Since going Freelance after many years of stable employment, it’s been a roller coaster. It’s a bit step to put all your faith in yourself and your abilities, and go out into the world with hope and expectation. I have to say, though, that I’ve been blown away by the support and encouragement I’ve received from friends, family, other freelancers, and clients.

I don’t expect to come home with that award, but oh my! It is nice to have been seriously considered.


“If complete and utter chaos was lightning, then he’d be the sort to stand on a hilltop in a thunderstorm wearing wet copper armour and shouting ‘All gods are bastards!” – Terry Pratchett, The Colour of Magic.

I’ve often been told that I’m lucky. People marvel at how positive experiences apparently fall into my lap. How do great opportunities just seem to show up at the right time? Why are people so willing to work with me, to help me out? Just lucky, right?


If you wanted to get hit by lightning (I don’t recommend it) the odds of it happening to you are about 1 in 30,000 if you just go about your daily business. If you run outside every time there’s a storm, and go stand under a tree? You’re maneuvering yourself into a position where lightning is more likely to strike.

Want to win big on the lottery? The chances of winning are 1 in 14 million (less, if you don’t buy a ticket) but there are still things you can do to increase your chances.

That’s what I do. I’m proactive. I buy a ticket. I run into the storm. I look for opportunities that will help me do the things I want to do or at least get me that bit closer.

I’m also relentlessly positive. There are moments when I feel defeated, or that the odds are overwhelming, but then I pick myself up, dust myself off and start all over again.

I give. I don’t just sit and hope to receive. I throw good things out into the world, just because, and you know what? They come back, in spades. I get involved. I help. I add value.

So, when you hire me to write for you, you’re not hiring my luck. You’re hiring a hard-working, determined and savvy person who will use the full benefit of her skills and experience for you.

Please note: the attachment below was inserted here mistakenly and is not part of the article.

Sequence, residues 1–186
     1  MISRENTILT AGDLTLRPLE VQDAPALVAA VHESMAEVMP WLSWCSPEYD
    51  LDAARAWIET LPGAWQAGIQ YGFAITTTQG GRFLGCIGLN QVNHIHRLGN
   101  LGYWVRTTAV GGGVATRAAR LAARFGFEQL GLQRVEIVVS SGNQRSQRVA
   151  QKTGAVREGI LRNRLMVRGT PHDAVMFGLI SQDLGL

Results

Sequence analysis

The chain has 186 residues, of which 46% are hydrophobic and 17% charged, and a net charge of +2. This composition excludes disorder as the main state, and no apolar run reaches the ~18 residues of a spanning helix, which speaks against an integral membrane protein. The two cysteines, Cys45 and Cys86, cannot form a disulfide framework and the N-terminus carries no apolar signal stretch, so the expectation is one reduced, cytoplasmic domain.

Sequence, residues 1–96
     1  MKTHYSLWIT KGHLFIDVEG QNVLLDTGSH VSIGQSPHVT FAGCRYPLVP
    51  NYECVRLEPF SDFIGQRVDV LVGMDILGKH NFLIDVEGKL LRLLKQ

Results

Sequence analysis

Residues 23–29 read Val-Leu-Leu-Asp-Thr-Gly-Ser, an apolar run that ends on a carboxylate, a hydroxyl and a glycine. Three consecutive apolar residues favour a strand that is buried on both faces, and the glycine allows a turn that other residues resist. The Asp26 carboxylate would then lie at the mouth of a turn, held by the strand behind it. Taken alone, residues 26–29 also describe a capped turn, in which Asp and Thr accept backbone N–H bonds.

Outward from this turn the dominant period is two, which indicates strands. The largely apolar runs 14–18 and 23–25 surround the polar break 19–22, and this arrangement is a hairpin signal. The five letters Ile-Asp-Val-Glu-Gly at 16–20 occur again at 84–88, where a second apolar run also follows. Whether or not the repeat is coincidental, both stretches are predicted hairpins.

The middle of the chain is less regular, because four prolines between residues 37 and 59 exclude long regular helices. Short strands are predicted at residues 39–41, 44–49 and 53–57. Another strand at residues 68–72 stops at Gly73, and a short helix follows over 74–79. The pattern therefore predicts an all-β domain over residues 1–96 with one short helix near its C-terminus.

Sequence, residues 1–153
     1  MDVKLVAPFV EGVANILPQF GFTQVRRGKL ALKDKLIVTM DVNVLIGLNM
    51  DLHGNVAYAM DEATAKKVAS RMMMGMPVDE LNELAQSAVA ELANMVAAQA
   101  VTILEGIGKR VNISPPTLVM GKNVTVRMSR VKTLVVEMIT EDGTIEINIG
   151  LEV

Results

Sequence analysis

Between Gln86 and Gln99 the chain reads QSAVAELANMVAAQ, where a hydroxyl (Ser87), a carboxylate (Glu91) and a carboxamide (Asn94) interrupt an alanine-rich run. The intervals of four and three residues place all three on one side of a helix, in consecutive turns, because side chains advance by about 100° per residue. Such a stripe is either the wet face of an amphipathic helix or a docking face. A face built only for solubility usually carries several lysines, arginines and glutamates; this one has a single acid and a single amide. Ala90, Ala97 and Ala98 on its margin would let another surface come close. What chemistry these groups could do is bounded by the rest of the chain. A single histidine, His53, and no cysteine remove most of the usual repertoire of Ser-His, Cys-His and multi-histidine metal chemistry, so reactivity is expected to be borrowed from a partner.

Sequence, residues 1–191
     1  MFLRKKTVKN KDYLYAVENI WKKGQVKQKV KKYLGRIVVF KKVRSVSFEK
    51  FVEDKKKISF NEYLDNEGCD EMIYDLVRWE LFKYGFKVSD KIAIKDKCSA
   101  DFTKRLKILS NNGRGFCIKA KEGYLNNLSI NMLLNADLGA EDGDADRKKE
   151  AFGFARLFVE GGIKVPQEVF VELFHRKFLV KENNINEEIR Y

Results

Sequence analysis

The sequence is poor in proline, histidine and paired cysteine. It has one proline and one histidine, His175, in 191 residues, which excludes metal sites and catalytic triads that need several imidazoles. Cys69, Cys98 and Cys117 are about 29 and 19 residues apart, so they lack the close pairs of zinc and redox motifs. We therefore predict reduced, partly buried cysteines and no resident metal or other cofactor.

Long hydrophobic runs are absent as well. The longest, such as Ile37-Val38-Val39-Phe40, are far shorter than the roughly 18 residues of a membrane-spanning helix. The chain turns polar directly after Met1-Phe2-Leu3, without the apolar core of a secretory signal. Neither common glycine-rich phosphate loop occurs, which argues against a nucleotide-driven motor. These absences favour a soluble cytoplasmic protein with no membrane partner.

Who’s lucky now? Not you. Because you made a great choice 🙂

Instant Experts

Some clients want me to ‘spin’ one or two articles into new content for them.

Some clients want to give me the research and have me craft a narrative.

Some clients want to give me the title, and have me fill in the details.

Some clients want me to do it all.

This means that sometimes I have a very short deadline to become an authority on a subject. Which is usually fine; a spot of reading around the subject, or looking on YouTube will bring up enough information to blag your way on most topics.

Doing research usually brings up other ideas for articles. As you’re reading you think, ‘I’d really like a few thousand words more to talk about this,’ or ‘But if that’s true then what about….’ That’s why it’s great when you have an ongoing relationship with a client and produce regular content. I like to be able to watch the news and see something and think, ‘Perfect! I can write about that for my client this week.’ It means that I can gain a deeper understanding of the subject area, so I’m not blagging. I’m genuinely adding to the conversation and creating great quality content.

Don’t get me wrong, if you want a one-off blog post? I’m happy to do that but really, I prefer to become a real expert, not an instant one.

Method Writing

As a copywriter, you get asked to write about all sorts of things. In any one day I have covered topics as diverse as recruiting SaaS sales-people, the benefits of genuine ink cartridges and how to achieve Scandinavian style on a budget. Some of these things I can get genuinely passionate about (who doesn’t love Hygge?) but others? Not so much.

I always think of ccopywriting as finding a way to get across the importance of something, but if a subject doesn’t excite you, then how can you do that? That’s when I do the thing I call ‘method writing’.

It’s probably a combination of my am-dram background and being a fiction writer. If I don’t have a use for this product or service, can I imagine someone who does? Can I slip into their head for a little while and imagine what it might be like to worry about my ex-pat pension, or how to remove pet stains from my hardwood floor? Usually, the answer is yes.

Does it help if there’s a natural conection between me and the subject matter? Definitely. It means that I’ll be able to make a quicker start at an article, and the ideas will flow more easily. Does that mean I can only write about the things I know or care about? No.

It’s a bit of convoluted mental process to go from thinking like me, to developing a character who has an interest and then viewing the product or service from their point of view, but it works. As Dennis Hopper says, you have to keep yourself open.